IDEAS home Printed from https://ideas.repec.org/
MyIDEAS: Login to save this paper or follow this series

How far is Eastern Europe from Brussels?

  • Fischer, Stanley
  • Sahay, Ratna
  • Vegh, Carlos

The current destination of Central and Eastern European countries -- explicitly for some, implicitly for all -- is Brussels. One simple measure, not without theoretical justification, is physical distance. This paper's focus, however, lies more in the distance in time and economic space. The paper fist compares income gaps between Central and Eastern Europe and European Union (EU) countries, then evaluates recent economic performance in Central and Eastern Europe in light of EU standards. Finally, it addresses the question of how long it will take the Central and Eastern European Countries to close the income gap with EU countries.

If you experience problems downloading a file, check if you have the proper application to view it first. In case of further problems read the IDEAS help page. Note that these files are not on the IDEAS site. Please be patient as the files may be large.

File URL: https://mpra.ub.uni-muenchen.de/20059/1/MPRA_paper_20059.pdf
File Function: original version
Download Restriction: no

Paper provided by University Library of Munich, Germany in its series MPRA Paper with number 20059.

as
in new window

Length:
Date of creation: 1998
Date of revision:
Handle: RePEc:pra:mprapa:20059
Contact details of provider: Postal: Schackstr. 4, D-80539 Munich, Germany
Phone: +49-(0)89-2180-2219
Fax: +49-(0)89-2180-3900
Web page: https://mpra.ub.uni-muenchen.de

More information through EDIRC

References listed on IDEAS
Please report citation or reference errors to , or , if you are the registered author of the cited work, log in to your RePEc Author Service profile, click on "citations" and make appropriate adjustments.:

as in new window
  1. Barro, Robert J & Sala-i-Martin, Xavier, 1992. "Convergence," Journal of Political Economy, University of Chicago Press, vol. 100(2), pages 223-51, April.
  2. International Monetary Fund, 1996. "Do Government Wage Cuts Close Budget Deficits? a Conceptual Framework for Developing Countries and Transition Economies," IMF Working Papers 96/19, International Monetary Fund.
  3. Peter Murrell, 1996. "How Far Has the Transition Progressed?," Journal of Economic Perspectives, American Economic Association, vol. 10(2), pages 25-44, Spring.
  4. Easterly, William & Fischer, Stanley & DEC, 1994. "The Soviet economic decline : historical and republican data," Policy Research Working Paper Series 1284, The World Bank.
  5. Jeffrey M. Davis & A. Cheasty, 1996. "Fiscal Transition in Countries of the Former Soviet Union; An Interim Assessment," IMF Working Papers 96/61, International Monetary Fund.
  6. Fischer, Stanley, 1993. "The role of macroeconomic factors in growth," Journal of Monetary Economics, Elsevier, vol. 32(3), pages 485-512, December.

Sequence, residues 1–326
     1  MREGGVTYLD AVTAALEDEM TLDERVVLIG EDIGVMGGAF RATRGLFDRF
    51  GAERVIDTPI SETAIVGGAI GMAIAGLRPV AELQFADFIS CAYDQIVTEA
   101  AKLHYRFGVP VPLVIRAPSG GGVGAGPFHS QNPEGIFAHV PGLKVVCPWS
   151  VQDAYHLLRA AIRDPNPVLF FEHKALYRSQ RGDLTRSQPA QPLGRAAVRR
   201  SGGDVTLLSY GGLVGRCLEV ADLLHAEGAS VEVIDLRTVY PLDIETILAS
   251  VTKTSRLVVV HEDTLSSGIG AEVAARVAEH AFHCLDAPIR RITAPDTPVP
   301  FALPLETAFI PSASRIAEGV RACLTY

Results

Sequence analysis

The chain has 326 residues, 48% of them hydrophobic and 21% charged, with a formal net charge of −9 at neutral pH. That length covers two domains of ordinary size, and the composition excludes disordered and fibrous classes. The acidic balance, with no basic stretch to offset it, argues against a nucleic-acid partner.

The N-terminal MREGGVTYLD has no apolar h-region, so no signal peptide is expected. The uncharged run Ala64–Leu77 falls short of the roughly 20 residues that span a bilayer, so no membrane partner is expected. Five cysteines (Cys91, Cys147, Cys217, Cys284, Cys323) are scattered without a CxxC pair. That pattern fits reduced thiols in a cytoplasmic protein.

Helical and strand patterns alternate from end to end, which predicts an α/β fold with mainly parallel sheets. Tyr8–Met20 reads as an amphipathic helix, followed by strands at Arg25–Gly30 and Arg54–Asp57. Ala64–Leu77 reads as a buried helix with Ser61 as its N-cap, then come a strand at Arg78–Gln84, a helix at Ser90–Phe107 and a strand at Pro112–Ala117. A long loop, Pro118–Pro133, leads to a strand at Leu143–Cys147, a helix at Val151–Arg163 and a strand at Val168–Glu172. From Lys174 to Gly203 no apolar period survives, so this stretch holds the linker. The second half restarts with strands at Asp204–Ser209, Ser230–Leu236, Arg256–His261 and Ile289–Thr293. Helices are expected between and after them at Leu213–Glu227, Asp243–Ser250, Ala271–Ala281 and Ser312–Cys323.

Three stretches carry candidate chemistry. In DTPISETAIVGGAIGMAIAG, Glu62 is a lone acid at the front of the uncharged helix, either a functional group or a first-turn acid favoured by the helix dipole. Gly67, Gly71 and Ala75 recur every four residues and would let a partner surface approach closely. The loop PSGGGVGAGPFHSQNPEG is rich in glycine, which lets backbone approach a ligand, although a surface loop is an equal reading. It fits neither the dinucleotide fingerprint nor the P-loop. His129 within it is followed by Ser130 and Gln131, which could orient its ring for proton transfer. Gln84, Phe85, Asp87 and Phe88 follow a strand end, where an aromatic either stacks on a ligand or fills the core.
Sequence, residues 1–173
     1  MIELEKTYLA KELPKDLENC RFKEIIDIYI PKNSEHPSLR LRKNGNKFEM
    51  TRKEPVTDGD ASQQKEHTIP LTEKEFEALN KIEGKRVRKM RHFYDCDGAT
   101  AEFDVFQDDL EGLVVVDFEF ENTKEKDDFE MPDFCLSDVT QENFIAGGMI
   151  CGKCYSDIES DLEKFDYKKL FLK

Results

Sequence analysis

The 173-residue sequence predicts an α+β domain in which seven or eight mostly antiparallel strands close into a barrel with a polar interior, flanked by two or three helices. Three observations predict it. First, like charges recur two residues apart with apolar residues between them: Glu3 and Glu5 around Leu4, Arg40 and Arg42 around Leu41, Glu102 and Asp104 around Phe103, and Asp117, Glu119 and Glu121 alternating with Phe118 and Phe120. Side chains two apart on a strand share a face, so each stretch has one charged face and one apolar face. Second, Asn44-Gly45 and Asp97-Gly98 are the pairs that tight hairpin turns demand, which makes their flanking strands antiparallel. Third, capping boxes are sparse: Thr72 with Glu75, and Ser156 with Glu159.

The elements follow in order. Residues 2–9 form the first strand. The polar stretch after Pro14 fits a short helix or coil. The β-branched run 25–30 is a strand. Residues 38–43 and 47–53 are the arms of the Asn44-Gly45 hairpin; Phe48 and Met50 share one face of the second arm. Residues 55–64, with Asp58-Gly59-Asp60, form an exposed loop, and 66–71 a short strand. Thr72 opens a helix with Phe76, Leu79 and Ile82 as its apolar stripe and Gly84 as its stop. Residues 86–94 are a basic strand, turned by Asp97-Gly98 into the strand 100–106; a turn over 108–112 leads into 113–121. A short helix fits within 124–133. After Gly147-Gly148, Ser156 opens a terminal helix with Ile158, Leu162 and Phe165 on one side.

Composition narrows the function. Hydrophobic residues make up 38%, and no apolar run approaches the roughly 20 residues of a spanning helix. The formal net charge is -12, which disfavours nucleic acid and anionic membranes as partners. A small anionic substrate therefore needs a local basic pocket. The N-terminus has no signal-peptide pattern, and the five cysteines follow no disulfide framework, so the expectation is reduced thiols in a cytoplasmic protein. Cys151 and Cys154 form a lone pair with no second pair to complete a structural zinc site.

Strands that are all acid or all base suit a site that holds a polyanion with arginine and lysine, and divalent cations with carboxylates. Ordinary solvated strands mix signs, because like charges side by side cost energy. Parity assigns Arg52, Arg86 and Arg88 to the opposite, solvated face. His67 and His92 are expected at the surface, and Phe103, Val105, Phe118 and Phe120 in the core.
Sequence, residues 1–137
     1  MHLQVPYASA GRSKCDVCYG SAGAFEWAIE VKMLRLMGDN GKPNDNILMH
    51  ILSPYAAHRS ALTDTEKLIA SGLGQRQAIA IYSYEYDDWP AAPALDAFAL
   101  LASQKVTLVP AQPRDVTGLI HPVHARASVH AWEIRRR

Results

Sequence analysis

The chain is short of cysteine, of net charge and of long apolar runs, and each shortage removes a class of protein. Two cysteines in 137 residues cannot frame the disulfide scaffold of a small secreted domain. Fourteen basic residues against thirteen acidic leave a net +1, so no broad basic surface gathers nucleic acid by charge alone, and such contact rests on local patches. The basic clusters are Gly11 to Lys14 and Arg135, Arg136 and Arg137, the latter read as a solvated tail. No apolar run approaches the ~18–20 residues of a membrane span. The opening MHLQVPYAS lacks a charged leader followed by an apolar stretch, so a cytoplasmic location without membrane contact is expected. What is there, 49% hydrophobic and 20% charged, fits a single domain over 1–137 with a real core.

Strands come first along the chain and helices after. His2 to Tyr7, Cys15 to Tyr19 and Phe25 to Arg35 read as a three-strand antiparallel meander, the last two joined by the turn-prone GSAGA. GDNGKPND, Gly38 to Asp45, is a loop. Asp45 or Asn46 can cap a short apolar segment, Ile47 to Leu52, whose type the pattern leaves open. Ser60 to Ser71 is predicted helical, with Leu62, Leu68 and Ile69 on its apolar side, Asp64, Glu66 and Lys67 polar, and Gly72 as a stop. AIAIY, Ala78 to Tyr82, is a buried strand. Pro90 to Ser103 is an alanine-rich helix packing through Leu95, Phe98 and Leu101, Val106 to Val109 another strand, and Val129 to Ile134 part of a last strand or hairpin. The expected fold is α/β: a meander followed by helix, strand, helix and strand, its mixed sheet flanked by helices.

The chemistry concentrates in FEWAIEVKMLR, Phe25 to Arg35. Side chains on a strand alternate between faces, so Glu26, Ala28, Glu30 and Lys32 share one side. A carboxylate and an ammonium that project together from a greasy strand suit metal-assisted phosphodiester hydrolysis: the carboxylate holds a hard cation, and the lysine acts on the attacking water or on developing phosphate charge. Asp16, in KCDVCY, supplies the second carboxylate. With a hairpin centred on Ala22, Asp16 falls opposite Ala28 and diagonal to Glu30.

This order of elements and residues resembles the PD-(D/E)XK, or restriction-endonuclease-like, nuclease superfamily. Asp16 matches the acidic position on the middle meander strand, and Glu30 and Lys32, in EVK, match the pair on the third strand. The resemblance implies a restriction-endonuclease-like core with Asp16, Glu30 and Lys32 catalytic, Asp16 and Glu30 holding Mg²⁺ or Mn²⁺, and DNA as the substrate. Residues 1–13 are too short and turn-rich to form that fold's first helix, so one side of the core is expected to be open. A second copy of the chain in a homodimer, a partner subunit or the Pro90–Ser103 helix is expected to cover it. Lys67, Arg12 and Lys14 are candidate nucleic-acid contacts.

7. Paul M Romer, 1999. "Endogenous Technological Change," Levine's Working Paper Archive 2135, David K. Levine.
  8. Robert J. Barro & Xavier Sala-i-Martin, 1991. "Convergence across States and Regions," Brookings Papers on Economic Activity, Economic Studies Program, The Brookings Institution, vol. 22(1), pages 107-182.
  9. de Melo, Martha & Denizer, Cevdet & Gelb, Alan, 1996. "From plan to market : patterns of transition," Policy Research Working Paper Series 1564, The World Bank.
  10. Fischer, Stanley & Sahay, Ratna & Vegh, Carlos A, 1996. "Economies in Transition: The Beginnings of Growth," American Economic Review, American Economic Association, vol. 86(2), pages 229-33, May.
Full references (including those not matched with items on IDEAS)

This item is not listed on Wikipedia, on a reading list or among the top items on IDEAS.

When requesting a correction, please mention this item's handle: RePEc:pra:mprapa:20059. See general information about how to correct material in RePEc.

For technical questions regarding this item, or to correct its authors, title, abstract, bibliographic or download information, contact: (Ekkehart Schlicht)

If you have authored this item and are not yet registered with RePEc, we encourage you to do it here. This allows to link your profile to this item. It also allows you to accept potential citations to this item that we are uncertain about.

If references are entirely missing, you can add them using this form.

If the full references list an item that is present in RePEc, but the system did not link to it, you can help with this form.

If you know of missing items citing this one, you can help us creating those links by adding the relevant references in the same way as above, for each refering item. If you are a registered author of this item, you may also want to check the "citations" tab in your profile, as there may be some citations waiting for confirmation.

Please note that corrections may take a couple of weeks to filter through the various RePEc services.

This information is provided to you by IDEAS at the Research Division of the Federal Reserve Bank of St. Louis using RePEc data.